RENO, Nev., (KOLO) One by one Wednesday morning, Councilman Oscar Delgado and a couple city staff members knocked on the doors of the 44 units in the Civic Center Apartments at 300 Holcomb in Reno.
Reno City Council member Oscar Delgado, left, talks with a Civic Center Apartments resident.Photo by Ed Pearce/KOLO.
They were there to reach out to residents who are facing eviction and the daunting task of looking for new homes in Reno's inflated housing market.
The building has been sold and the new owners want to renovate and raise the rent. For Colleen Danielson, who first contacted us on this story last week, that means this tiny studio apartment she currently rents for $550 a month will go to $900, a hundred dollars more than her entire monthly Social Security check.
She's not alone. Most of the residents there are living on fixed incomes, seniors and disabled vets. They're the flip side of Reno's economic upturn, priced out of their homes.
"Some people are comfortable," said Delgado. "They're working, but there are some people who are definitely panicking right now. They don't know what tomorrow looks like. They don't know what next month looks like and that bothers me tremendously."
The resource guide he was handing out contains a list of affordable housing options, as well as emergency number, social agencies, health services--the kind of list Colleen Danielson was compiling on her own when we first found her.
"She had an inch full of documents she was going through trying to find out what resources were available. So, working with the city we were able to create this resource guide for tenants here and throughout the city. And I wanted to knock on every single door and make sure everyone had this resource guide."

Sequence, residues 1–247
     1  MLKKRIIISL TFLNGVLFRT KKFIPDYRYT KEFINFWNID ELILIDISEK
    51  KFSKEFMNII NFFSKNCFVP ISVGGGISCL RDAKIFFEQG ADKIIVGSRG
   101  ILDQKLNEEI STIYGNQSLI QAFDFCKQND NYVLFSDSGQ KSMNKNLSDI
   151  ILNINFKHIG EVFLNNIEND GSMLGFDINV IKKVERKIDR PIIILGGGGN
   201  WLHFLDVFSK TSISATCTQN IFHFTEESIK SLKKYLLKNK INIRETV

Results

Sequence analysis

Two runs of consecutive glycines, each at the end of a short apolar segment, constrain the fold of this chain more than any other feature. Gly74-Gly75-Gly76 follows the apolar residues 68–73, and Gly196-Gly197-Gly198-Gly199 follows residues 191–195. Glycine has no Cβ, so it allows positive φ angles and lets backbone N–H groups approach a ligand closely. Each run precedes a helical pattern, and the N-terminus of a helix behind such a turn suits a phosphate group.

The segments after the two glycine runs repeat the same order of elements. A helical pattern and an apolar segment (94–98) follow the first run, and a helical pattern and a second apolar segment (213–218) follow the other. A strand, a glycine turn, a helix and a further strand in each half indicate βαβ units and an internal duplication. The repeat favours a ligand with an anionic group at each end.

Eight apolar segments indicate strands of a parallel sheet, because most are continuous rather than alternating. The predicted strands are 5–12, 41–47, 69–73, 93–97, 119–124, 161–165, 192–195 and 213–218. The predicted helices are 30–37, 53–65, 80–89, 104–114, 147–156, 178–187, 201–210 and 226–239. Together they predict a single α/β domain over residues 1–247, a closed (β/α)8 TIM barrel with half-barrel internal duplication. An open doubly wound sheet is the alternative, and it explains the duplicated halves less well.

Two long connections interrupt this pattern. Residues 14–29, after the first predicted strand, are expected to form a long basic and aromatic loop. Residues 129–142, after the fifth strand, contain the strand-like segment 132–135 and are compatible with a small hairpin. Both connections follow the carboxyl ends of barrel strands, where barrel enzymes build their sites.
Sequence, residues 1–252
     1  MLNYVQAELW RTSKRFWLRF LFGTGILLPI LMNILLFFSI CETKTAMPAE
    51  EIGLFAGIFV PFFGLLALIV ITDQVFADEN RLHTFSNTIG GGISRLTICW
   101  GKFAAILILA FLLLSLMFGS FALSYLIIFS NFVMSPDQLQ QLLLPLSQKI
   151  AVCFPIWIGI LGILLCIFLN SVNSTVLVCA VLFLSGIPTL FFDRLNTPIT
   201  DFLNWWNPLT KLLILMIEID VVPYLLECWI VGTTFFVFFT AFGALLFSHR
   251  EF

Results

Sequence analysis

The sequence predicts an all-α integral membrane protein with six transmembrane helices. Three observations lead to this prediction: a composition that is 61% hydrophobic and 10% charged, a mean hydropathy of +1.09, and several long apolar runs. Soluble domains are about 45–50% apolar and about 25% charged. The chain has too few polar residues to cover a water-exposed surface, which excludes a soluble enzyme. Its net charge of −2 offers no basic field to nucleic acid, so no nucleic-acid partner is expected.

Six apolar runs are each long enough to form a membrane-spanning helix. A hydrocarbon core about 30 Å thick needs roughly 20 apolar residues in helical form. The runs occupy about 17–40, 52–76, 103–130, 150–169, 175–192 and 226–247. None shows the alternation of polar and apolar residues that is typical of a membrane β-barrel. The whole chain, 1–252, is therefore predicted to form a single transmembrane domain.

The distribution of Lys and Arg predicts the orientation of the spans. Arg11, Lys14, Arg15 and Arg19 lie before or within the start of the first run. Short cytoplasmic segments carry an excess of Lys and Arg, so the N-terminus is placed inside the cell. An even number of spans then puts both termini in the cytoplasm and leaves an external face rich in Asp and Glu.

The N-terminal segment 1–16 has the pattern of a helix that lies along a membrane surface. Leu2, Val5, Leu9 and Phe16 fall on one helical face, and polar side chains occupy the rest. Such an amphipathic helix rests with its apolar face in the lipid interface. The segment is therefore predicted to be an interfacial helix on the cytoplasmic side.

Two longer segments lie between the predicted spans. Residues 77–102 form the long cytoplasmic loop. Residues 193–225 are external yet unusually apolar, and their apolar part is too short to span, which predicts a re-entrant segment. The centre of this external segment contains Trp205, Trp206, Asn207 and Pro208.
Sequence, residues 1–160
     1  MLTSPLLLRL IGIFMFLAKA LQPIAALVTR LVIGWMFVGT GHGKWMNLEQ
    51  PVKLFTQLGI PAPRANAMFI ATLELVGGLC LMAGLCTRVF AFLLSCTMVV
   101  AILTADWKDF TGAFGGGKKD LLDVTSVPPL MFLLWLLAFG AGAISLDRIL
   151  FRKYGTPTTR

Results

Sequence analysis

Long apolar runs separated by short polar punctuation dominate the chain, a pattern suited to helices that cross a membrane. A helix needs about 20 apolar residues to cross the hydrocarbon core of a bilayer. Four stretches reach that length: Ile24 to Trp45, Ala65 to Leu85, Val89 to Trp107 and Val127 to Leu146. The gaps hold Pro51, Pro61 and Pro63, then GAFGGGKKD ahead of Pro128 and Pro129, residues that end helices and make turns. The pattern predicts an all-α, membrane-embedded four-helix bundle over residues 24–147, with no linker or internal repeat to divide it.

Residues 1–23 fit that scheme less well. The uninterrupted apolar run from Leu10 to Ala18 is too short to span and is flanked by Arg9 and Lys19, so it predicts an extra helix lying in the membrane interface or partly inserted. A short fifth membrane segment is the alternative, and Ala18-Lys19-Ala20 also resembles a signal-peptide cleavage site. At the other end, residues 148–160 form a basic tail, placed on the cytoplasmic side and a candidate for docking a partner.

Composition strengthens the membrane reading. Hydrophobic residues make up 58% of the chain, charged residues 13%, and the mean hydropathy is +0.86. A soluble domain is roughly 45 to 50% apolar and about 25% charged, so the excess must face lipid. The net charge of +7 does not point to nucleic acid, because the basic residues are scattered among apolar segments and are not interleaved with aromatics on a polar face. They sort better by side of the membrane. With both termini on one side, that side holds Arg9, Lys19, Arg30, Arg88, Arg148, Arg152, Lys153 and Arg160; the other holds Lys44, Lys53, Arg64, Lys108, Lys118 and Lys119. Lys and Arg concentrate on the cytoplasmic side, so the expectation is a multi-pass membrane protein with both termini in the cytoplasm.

The reaction varied. Some had questions asking why the city couldn't stop the evictions or the rising rents.
This kind of outreach may be all the city can do. The building was not under any tax credit contract to provide low-cost housing and the Reno Housing authority has waiting lists months long for any openings.
Delgado says he wishes the city could do more and notes this kind of displacement by gentrification is happening elsewhere in the community.
Most were just happy someone cared enough to knock on the door and with helpful information.
In the meantime, Colleen Danielson may have found a home. Following a lead from the councilman, she's applied for an apartment across town.
The next problem will be the security deposit. Although the apartments here will be totally redone, the owner is not returning security deposits until a final walk-through. That doesn't give residents money to hold another apartment when and if they find one.
But our first story prompted several of our viewers to offer help--some with space in their homes and others willing to cover her deposit should she find one. She's going to take one of them up on that offer, though she insists on repaying it as a loan
Most who contacted us offering to help said they were willing to help any of the other residents. We've passed that information along.
In the meantime, facing an uncertain future just in time for the holidays, residents here have information that could guide them.